• Find God in Scripture. Know Him through His Word. He is there. Allow the Holy Spirit to bring it to your heart by praying before reading.
  • Seek God’s guidance and wisdom in all things. Let God lead you in life. Know that He sees the details as well as the whole, the before and the after. Listen.
  • Trust in His Promises (Scripture). Keep God’s Word with you all the time.
  • Keep encouragement and Encouragers near to you all the time. Notice that He places this near to you. Recognize it and express gratitude.
  • Express and cultivate Joy. Generate Joy in your heart and in your surroundings.

See and become God’s Goodness and God’s Love. Though we fall short of His Glory, we glimpse it.

We are Trustees of His Goodness.

1 Corinthians 13:12 “For now we see in a mirror dimly, but then face to face. Now I know in part; then I shall know fully, even as I have been fully known.”

Become a Trustee by being what you know in Spirit. Be the one that is known by Jesus.

Become A Flying Horse. Having glimpsed His Glory – Leap Towards It.

We long for Christ. That longing is one that propels the heart with such a surge, it can make “a horse fly”, it can change the most ordinary life into one that is extraordinary.

Prayer that was dry becomes vivid with the Presence of God. Hearts that were lost are found. Broken places are healed. Revival becomes a word with new meaning. It starts to shake the foundation of self like a wondrous new birth. Something winged emerges. A joy that cannot be suppressed takes hold even in the midst of challenges. The Longing is like nectar that grows so sweet, life seems dim without it. It, The Promise of His Holy Blessing and Return becomes Hope, a Hope deeper and more glorious than any other.

Fly. Fly. Fly. (still singing)

© 2019 Linda Willows

“The Prayer of Worship and Adoration”, by J. Oswald Sanders from the C.S. Lewis Institute (Elements of Prayer, Through Christ Alone)

 

Prayer: Worship & Adoration by J. Oswald Sanders

Reprinted by permission from his book Prayer Power Unlimited (Source: C.S. Lewis Institute, Knowing and Doing )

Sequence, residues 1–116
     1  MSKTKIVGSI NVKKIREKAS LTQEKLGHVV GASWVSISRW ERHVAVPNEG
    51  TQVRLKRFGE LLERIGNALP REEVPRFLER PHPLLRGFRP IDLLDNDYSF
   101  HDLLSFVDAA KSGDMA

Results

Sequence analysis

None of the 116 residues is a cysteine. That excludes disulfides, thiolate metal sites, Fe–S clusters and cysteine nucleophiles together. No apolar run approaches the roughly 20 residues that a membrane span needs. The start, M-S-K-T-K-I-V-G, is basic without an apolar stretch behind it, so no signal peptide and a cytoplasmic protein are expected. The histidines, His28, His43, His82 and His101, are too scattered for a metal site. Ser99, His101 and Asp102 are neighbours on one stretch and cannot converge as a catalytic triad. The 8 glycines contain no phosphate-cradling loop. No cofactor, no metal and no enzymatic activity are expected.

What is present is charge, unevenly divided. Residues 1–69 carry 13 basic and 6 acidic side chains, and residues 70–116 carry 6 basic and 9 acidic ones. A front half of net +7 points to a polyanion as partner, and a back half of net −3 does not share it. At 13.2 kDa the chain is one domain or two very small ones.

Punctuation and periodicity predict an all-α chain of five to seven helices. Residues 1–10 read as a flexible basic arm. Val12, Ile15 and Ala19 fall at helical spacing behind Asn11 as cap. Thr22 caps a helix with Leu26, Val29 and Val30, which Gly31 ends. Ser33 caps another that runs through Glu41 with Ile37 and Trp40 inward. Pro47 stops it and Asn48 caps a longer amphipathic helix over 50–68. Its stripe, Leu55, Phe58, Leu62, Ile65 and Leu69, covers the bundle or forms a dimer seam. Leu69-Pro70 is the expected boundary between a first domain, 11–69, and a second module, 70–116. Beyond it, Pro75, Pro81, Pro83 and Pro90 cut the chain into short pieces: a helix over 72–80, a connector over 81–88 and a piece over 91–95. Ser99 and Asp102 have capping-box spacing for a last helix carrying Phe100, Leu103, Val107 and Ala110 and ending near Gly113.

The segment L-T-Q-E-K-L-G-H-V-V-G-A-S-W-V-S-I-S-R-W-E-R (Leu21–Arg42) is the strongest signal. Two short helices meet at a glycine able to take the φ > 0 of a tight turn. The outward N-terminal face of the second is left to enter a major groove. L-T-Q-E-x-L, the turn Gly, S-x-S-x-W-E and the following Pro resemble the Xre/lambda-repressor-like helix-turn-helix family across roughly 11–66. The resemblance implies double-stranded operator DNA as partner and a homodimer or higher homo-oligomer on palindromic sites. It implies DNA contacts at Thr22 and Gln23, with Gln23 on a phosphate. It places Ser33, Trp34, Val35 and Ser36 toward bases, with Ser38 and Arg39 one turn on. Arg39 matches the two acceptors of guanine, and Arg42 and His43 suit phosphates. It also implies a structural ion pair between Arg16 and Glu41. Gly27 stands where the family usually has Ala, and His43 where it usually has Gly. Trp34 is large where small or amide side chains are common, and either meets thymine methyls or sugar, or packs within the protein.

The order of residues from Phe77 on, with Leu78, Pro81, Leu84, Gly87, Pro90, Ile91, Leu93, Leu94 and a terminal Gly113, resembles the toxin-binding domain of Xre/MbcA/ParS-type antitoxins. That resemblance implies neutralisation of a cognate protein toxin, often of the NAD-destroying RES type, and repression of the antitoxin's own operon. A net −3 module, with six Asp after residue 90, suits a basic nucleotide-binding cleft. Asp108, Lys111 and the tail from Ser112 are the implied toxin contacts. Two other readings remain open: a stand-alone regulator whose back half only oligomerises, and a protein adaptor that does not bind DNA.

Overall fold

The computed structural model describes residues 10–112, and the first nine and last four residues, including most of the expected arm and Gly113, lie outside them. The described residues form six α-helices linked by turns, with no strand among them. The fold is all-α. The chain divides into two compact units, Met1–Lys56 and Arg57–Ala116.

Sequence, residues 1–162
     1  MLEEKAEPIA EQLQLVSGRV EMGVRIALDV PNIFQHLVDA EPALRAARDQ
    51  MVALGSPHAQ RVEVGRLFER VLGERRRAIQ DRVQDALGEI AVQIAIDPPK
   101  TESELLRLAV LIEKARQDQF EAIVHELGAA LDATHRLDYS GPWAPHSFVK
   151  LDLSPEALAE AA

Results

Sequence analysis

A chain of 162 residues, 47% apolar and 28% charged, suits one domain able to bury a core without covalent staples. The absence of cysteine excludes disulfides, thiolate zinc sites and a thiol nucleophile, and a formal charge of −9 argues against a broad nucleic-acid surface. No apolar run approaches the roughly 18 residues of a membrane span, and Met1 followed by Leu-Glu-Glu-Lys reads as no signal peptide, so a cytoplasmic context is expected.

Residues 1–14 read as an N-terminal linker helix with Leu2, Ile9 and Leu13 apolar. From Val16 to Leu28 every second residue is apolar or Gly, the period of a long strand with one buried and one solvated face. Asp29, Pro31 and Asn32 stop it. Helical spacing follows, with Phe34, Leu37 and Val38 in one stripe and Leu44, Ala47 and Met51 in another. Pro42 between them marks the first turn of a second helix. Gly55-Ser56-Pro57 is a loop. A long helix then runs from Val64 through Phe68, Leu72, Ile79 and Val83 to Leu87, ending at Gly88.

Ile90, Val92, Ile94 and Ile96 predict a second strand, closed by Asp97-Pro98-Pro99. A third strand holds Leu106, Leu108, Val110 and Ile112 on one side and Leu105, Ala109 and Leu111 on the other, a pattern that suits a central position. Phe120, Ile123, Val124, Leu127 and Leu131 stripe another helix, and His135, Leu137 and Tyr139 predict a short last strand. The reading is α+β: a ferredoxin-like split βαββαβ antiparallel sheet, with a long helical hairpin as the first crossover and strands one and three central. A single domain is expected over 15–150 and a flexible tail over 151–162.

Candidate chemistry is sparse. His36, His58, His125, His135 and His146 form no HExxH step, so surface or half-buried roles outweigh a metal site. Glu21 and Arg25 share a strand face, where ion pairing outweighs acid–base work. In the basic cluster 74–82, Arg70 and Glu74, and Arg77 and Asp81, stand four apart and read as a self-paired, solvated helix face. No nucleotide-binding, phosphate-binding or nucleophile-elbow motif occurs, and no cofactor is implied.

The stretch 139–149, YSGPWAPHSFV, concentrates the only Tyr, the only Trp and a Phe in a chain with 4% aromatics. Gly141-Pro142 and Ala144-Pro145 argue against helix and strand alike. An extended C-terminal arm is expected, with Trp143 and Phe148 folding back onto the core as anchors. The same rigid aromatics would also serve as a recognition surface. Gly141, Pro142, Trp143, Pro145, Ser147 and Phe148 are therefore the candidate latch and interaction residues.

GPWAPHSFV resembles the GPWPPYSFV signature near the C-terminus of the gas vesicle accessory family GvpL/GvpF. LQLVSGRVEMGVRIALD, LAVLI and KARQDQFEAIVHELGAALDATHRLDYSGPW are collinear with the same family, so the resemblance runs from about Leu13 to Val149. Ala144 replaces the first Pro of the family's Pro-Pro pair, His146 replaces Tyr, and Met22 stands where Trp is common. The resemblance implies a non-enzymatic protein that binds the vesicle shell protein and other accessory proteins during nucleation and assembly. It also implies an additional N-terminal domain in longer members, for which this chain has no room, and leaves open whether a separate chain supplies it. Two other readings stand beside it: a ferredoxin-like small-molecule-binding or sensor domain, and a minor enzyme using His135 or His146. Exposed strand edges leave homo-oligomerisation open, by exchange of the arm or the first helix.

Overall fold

A notable lesson in prayer was learned by the author when he read that in prayer there are at least five elements that should be present in a well-balanced prayer life. In a sense, prayer cannot be analyzed, since it is a unity and the outpouring of the single life of the one who prays. Yet in another sense, it can be divided into its constituent elements.

“The fact that [prayer] is worship, and the further fact that worship may be expressed in various forms,” wrote H. W. Frost, “makes analysis possible….Prayer is indeed one. But also it is multiform.”

The five enumerated elements are: worship, or adoration; thanksgiving; confession; petition; and intercession. This concept opened a new world of prayer, for hitherto his prayers had been almost entirely petition. Now the prayer life embraces whole new areas of spiritual experience.

Our Lord’s immediate answer to the request of His disciples, “Lord, teach us to pray,” was, “When you pray, say: ‘Father’” (Luke 11:2). In other words, prayer begins with God. The pattern prayer He gave them was halfway completed before He prayed for personal needs. The concerns and interests of God came first.

This is a supremely important lesson. If God is not given the chief place in our praying, our prayers will be anemic. When our thoughts begin with Him, love is kindled and faith stimulated. So our first lesson will be concerned with Him. We shall consider worship, or adoration, for this is involved in the petition “hallowed be Thy name” (v. 2).